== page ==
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Transcript for Trial Lawyer Talk, Episode 6, with Ginger Ortiz

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Scott Glovsky: Welcome to trial lawyer talk. I’m Scott Glovsky and I’m your host for this podcast. Where we get phenomenal trial lawyers from around country to tell interesting stories from their cases. Today, we’re very lucky to have with us Ginger Ortiz. Ginger’s a phenomenal criminal defense lawyer San Luis Obispo. After many years in the public defender’s office there, she started her own private practice and does all kinds of criminal defense: felonies, DUI’s, etc.

Last time, I talked about some themes, and I’m going to continue to do that. We talked previously about caring, and today we’re going to talk about following your gut instinct. As trial lawyers, when we’re in trial, we need to be fully present with our full selves, with our sense of humor, with our worries, with our love and caring for our client and the juror, and our sense of being present and in the moment. I think you’ll see from Ginger’s great story, that Ginger is someone who exemplifies courage and caring, and is just a truly a phenomenal person and lawyer. So let’s get started.

Welcome to trial lawyer talk, we’re very fortunate today to have with us, an amazing, amazing criminal defense lawyer from San Luis Obispo, Ginger Ortiz. Ginger, first thank you very much for taking the time to be with us.

Ginger Ortiz: My pleasure.

Scott Glovsky: Can you tell me about a case that had profoundly impact on you?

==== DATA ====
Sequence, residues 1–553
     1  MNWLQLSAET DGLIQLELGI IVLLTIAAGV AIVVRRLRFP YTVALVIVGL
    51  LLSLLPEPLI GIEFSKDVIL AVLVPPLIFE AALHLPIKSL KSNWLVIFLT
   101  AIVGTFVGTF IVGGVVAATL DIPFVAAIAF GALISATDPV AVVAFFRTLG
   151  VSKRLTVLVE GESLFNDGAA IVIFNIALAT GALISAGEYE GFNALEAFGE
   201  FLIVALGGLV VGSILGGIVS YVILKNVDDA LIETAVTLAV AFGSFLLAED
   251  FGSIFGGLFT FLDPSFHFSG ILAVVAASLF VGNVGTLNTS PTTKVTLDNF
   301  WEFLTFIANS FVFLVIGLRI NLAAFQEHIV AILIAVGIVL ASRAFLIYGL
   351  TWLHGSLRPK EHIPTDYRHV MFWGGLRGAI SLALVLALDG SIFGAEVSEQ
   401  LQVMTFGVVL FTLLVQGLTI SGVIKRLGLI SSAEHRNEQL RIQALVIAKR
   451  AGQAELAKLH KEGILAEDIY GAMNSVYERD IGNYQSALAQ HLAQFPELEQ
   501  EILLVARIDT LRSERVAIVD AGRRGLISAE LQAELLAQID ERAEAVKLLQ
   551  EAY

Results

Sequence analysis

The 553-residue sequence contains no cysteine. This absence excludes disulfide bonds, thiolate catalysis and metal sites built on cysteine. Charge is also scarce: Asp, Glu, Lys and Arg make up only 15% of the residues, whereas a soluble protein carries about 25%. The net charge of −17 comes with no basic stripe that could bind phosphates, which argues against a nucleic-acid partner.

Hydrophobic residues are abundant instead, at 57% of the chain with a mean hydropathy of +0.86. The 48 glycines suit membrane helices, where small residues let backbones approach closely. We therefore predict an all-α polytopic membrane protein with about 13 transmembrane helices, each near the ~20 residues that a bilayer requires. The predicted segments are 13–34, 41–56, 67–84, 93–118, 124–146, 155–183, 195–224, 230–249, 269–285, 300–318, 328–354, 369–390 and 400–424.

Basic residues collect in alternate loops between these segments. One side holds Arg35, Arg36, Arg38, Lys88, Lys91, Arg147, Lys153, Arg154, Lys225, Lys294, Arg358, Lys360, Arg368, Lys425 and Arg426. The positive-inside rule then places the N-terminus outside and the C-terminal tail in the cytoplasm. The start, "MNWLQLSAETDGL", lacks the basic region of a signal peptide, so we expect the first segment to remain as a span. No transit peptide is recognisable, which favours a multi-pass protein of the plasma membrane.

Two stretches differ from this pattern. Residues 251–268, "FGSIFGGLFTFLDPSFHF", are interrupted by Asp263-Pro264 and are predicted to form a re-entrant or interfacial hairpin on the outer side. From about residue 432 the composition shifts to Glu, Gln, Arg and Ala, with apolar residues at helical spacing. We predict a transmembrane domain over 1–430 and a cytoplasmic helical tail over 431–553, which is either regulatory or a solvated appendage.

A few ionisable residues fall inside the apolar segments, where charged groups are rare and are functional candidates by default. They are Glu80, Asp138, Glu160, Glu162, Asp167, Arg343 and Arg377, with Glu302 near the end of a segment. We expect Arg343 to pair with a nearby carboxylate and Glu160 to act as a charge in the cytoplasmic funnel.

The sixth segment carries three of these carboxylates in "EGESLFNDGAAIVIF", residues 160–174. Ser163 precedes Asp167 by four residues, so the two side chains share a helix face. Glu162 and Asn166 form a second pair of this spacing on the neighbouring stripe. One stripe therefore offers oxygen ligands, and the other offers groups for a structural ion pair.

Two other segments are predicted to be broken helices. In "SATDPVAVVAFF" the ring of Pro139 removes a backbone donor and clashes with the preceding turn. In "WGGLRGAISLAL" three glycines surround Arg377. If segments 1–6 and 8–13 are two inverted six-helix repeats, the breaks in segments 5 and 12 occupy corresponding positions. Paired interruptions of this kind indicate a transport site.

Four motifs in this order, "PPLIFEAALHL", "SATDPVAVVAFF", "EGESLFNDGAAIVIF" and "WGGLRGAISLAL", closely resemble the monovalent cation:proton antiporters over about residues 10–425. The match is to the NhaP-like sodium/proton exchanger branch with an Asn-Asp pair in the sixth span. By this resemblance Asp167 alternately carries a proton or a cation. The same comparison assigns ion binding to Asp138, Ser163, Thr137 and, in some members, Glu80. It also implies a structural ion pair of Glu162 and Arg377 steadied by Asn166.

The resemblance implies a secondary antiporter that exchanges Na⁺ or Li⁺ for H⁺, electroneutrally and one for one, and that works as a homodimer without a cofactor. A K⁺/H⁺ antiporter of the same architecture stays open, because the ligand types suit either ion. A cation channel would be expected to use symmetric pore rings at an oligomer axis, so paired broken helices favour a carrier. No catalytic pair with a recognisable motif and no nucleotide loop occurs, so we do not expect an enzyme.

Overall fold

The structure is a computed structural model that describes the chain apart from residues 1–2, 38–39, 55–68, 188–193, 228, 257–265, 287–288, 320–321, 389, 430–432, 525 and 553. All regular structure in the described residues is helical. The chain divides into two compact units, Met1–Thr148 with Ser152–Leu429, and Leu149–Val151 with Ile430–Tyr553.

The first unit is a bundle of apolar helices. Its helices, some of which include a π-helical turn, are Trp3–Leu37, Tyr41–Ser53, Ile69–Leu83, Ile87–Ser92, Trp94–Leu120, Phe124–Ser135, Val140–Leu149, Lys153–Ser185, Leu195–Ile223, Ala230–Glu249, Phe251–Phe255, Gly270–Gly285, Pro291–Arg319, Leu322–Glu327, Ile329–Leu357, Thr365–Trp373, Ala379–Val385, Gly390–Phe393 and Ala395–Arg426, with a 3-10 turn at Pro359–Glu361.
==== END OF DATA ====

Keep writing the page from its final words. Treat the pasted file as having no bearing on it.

Ginger Ortiz: So many of my cases have profound impacts on me, but one that stands out is a woman that I represented, who was being accused of domestic violence, or at least abuse on her ex-husband and his girlfriend. She came to me because she was facing both a probation violation, as well as these new charges. Her ex-husband was interviewed by the district attorney’s office.

I was told privately by the DA, that her husband was very compelling and very convincing, and they were sure that client was the problem. Of course, in my knowing her, I thought that was not only completely absurd, but that her husband was just a really good manipulator.

Ultimately, we got a resolution that she could live with, which was simply probation violation and a very minor charge on the new case. Because when her ex-husband realized that the amount of jail time and the other conviction was going to cost her job, that meant his children were going to be without benefits, health benefits.

So it was at that point he started to back down and say, I really don’t want her to lose her job. That threat of her losing her job, which means he would have to then pay for their benefits, or the children would lose their benefits, was enough to get him to back off.

Some time went by, we saved her job, and within probably six weeks of resolving the case, she got served papers in the mail, via a family law case. Wherein her husband was saying that she wasn’t fit to raise their children, and he wanted them removed from her, and she not be allowed to have any visitation with the kids, because she was an abuser, she was a batterer.

She came to me, and she begged me to help her. At that time, I don’t know whether I had done any family law cases, but I believed her. I needed, for myself, to get in the way of his continued manipulation of her. So I allowed her to hire me. I charged her as little as I could, because I knew she didn’t have a lot of money. And I prepared response…

Scott Glovsky: When you say as little as you could, give us a flavor.

Ginger Ortiz: I might would charge $200/hour if I was actually in court. I would charge $20 to prepare documents. I knew that this was wrong. I knew that it was his manipulation, and it was shameful to me that she would have to spend money to defend herself against lies, that that was going to cost her money that she could use for her children’s swim lessons.